Intoxicating Liquors, License to sell. Assignment, Of liquor license. Certiorari.
Where the holder of a license of the first class to sell intoxicating liquors on certain premises in Boston, issued to the holder on May 1 of a certain year by the licensing board of that city, was adjudicated a bankrupt and on June 4 of the same year his trustee in bankruptcy, with the assent and approval of that
board, sold and assigned the license to one to whom on that day the board issued a first class license to expire on April 30 of the following year and on such April 30 on his application issued to the same person another license for a year, if in the February before the expiration of the second license such holder makes application for a new license to be issued on the following May 1, to the issuance of which an owner of real estate within twenty-five feet duly objects in writing, such last holder of the license has not "held a license for the sale of intoxicating liquors upon said premises . . . for the two years next preceding the date of his application," within the meaning of R. L. c. 100, § 15, as amended by St. 1906, c. 287, § 1, and therefore under the provisions of that section the licensing board must refuse to grant the application. Whether a petition for a writ of certiorari is the proper method of bringing to this court the legality of a refusal by the licensing board of Boston under R. L. c. 100, § 15, as amended by St. 1906, c. 287, § 1, to grant an application for a license for the sale of intoxicating liquors, was not decided in this case, where the petition was dismissed upon its merits.
PETITION , filed on April 28, 1914, and afterwards amended, for a writ of certiorari to quash the proceedings of the respondents refusing to grant a license of the first class for the sale of intoxicating liquors on the premises numbered 321 on Tremont Street and 98 on Pleasant Street in Boston.
The respondent filed an answer and the case was heard by Carroll, J., who ordered that the petition be dismissed and reported the case to the full court for determination.
H. V. Cunningham, for the petitioners.
L. G. Brooks, for the respondent, was not called upon.
PIERCE, J. For several years continuously previous to June 4, 1912, the premises numbered 321 Tremont Street and 98 Pleasant Street in Boston were occupied by one John A. Sullivan as a retail liquor dealer under and as the owner of a first class liquor license.
John A. Sullivan became bankrupt and on June 4, 1912, his trustee in bankruptcy, in consideration of a sum of money paid to him by the petitioners sold and assigned to the petitioners the license of Sullivan, with the assent and approval of the respondent. On June 4, 1912, a license of the first class to sell liquor on the premises, expiring April 30, 1913, was issued to the petitioners, and on May 1, 1913, a new and similar license, was issued to the petitioners.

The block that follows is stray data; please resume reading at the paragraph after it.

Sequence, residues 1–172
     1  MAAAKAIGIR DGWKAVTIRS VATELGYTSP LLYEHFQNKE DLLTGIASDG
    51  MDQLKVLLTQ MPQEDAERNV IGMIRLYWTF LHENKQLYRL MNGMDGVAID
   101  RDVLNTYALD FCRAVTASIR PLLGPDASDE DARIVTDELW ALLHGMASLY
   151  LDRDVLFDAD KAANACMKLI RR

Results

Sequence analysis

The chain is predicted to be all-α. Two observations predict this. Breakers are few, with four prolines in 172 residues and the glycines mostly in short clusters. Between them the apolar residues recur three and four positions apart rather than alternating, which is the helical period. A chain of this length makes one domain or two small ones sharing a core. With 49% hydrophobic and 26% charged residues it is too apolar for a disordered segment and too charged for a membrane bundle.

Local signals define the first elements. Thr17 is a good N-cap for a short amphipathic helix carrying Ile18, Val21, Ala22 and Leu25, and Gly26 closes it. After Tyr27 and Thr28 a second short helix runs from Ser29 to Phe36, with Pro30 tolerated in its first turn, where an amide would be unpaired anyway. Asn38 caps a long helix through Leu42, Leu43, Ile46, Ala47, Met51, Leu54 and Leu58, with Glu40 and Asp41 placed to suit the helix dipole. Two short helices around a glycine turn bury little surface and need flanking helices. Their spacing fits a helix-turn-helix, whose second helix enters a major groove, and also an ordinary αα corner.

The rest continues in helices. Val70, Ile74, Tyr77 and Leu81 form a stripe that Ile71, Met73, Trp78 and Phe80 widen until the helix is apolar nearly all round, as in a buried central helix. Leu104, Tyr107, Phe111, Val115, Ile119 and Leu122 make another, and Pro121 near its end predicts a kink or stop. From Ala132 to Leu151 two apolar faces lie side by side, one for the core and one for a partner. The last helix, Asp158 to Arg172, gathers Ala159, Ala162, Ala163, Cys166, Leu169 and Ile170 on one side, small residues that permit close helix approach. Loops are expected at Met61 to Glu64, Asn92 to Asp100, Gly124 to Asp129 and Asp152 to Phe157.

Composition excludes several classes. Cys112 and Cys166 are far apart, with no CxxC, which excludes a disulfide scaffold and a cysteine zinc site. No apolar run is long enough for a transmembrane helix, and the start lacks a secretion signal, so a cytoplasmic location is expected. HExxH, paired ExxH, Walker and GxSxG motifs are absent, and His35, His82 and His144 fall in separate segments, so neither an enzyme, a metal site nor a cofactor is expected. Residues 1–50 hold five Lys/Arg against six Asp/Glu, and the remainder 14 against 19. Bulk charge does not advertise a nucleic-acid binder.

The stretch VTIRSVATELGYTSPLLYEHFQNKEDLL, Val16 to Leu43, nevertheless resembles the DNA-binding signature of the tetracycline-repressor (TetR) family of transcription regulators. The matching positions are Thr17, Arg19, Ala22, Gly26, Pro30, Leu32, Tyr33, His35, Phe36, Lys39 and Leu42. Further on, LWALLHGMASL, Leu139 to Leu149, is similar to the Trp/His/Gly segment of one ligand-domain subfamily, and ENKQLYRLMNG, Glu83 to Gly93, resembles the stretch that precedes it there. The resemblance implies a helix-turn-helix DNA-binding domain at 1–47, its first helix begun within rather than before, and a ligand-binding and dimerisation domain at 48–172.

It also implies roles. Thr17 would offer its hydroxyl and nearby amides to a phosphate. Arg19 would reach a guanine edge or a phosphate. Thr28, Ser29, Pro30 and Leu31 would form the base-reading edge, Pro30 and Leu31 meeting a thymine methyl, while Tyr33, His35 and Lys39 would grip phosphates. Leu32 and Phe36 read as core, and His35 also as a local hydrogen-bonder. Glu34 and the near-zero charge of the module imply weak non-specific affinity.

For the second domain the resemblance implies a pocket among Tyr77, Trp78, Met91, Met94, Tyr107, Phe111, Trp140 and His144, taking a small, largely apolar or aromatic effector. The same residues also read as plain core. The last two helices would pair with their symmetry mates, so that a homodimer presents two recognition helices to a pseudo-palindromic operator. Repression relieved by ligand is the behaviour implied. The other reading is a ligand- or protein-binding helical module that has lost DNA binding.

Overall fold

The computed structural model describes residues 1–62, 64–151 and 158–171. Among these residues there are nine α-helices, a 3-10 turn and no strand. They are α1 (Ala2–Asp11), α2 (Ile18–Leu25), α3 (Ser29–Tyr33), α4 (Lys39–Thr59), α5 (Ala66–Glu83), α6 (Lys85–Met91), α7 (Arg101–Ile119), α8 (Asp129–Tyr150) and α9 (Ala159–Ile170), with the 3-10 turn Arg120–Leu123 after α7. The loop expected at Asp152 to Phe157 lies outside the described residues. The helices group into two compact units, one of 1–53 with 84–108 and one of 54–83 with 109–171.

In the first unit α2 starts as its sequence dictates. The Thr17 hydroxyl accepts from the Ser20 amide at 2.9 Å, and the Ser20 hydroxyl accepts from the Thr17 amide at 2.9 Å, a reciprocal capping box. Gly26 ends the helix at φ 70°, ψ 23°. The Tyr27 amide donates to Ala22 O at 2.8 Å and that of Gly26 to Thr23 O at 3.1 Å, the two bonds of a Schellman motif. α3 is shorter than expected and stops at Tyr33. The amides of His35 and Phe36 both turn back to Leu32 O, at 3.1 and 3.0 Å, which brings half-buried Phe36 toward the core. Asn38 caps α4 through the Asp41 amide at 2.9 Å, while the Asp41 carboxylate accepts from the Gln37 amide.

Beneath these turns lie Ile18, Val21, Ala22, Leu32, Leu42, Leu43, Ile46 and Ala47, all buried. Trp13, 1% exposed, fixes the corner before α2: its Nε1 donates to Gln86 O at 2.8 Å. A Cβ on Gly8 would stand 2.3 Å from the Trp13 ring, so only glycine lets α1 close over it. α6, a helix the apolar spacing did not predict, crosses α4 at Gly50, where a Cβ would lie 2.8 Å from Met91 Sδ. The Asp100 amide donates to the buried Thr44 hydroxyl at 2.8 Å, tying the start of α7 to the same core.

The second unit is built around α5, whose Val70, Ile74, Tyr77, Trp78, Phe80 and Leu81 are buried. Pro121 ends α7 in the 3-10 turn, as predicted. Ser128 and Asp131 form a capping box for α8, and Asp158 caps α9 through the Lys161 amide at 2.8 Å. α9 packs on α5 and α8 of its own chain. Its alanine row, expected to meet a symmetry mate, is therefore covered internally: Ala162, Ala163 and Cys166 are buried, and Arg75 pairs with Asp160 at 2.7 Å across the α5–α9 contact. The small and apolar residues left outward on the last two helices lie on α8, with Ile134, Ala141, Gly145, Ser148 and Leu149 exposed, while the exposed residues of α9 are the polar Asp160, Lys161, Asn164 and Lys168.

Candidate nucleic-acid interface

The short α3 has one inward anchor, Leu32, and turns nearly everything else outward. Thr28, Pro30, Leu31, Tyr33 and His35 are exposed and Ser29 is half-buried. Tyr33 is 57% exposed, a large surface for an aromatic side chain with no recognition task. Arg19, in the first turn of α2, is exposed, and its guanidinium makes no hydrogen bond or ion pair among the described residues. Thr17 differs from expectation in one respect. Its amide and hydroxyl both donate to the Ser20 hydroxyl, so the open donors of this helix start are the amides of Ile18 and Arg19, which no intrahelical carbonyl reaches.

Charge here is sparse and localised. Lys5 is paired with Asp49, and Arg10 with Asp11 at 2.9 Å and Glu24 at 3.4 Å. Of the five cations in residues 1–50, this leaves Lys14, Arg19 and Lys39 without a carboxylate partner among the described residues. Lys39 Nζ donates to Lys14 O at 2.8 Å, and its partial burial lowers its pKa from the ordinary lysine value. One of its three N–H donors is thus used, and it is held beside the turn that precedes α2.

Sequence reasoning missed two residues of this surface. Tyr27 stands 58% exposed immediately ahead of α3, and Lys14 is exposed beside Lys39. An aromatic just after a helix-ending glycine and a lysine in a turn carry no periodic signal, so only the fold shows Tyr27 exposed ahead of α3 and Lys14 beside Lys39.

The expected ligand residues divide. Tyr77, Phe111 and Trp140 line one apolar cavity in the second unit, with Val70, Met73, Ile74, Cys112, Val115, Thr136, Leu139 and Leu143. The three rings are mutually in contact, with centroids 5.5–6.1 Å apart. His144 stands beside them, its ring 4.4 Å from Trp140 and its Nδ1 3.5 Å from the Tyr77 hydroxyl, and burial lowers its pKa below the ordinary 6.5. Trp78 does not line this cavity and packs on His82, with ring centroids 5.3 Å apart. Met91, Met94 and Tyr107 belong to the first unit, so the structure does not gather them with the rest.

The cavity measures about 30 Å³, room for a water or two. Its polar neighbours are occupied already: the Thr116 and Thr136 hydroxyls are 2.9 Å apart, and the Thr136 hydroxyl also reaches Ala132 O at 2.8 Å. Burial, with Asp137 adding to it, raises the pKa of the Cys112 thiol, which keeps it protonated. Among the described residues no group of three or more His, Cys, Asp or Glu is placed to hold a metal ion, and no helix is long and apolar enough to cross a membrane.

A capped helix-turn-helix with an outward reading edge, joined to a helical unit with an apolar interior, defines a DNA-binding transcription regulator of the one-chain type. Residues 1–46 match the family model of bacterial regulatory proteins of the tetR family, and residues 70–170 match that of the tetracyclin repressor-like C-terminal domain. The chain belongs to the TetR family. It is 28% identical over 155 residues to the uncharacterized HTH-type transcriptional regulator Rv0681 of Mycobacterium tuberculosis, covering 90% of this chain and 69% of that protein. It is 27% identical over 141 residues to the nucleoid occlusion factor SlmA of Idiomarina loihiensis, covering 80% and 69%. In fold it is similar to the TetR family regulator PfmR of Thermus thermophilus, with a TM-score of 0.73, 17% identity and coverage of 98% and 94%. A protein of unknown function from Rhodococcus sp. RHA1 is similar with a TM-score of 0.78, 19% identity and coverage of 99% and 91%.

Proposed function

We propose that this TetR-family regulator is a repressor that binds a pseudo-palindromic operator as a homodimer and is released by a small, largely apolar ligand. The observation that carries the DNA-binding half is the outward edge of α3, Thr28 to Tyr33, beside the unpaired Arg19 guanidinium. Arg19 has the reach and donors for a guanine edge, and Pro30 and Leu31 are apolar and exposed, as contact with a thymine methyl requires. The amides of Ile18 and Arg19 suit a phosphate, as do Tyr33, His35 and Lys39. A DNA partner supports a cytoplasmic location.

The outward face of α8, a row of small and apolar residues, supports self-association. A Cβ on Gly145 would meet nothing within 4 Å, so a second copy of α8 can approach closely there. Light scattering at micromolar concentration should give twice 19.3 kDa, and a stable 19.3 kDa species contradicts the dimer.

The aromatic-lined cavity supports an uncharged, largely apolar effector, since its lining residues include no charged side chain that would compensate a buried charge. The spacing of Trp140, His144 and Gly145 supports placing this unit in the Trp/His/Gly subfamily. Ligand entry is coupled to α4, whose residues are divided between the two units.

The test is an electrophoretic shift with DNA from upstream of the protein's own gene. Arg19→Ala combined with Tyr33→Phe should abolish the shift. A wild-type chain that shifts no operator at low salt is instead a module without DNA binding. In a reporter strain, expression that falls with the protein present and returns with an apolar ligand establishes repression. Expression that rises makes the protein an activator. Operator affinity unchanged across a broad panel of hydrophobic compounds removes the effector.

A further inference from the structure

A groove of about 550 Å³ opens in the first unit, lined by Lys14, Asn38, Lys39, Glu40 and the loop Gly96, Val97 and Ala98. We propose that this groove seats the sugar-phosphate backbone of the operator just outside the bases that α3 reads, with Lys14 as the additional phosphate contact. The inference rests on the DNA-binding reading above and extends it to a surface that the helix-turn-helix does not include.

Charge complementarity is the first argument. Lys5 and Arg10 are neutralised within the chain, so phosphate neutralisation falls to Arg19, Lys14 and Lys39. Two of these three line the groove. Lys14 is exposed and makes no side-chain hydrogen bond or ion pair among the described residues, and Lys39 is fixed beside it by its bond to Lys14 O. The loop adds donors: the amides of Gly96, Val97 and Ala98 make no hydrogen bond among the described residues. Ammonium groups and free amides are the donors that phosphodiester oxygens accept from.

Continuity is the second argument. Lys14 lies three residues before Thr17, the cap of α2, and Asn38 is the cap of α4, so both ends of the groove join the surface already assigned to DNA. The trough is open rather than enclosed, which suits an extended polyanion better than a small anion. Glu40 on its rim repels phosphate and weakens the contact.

On February 24, 1914, the petitioners made application for a similar license to expire on April 30, 1915.
On March 23, 1914, Mary E. Jones, an adjoining owner within
twenty-five feet of the licensed premises, filed a protest conformable to R. L. c. 100, § 15, as amended by St. 1906, c. 287, § 1. The respondents after due hearing sustained the protest and on that ground refused the petitioners' application for a license.
Section 15 of R. L. c. 100, as amended by St. 1906, c. 287, § 1, reads: "If before the expiration of the ten days following the publication of the notice . . . the owner of any real estate within twenty-five feet of the premises described in an application for a license to be exercised by a common victualler to sell liquors to be drunk on the premises notifies the licensing board in writing that he objects to the granting of the license, no license to sell intoxicating liquors to be drunk on said premises shall be granted, unless the applicant therefor shall, for the two years next preceding the date of his application, have held a license for the sale of intoxicating liquors upon said premises."
In the case at bar the applicants had not held a license for the sale of intoxicating liquors upon the premises for two years next preceding the date of their application.
The statute is apt in phrasing and its explicit language leaves no room for doubt as to its purpose and intent. The board properly could not have construed the statute so broadly as to include the occupation of the applicant's assignors in determining whether the applicant had held a license for the two years next preceding the date of his application for a license.
Assuming, but without so deciding, that a writ of certiorari lies in a case like the present, (see Dexter v. Town Council of Cumberland, 17 R. I. 222, Moran v. Gallagher, 199 Mass. 486 ,) the petition must be dismissed.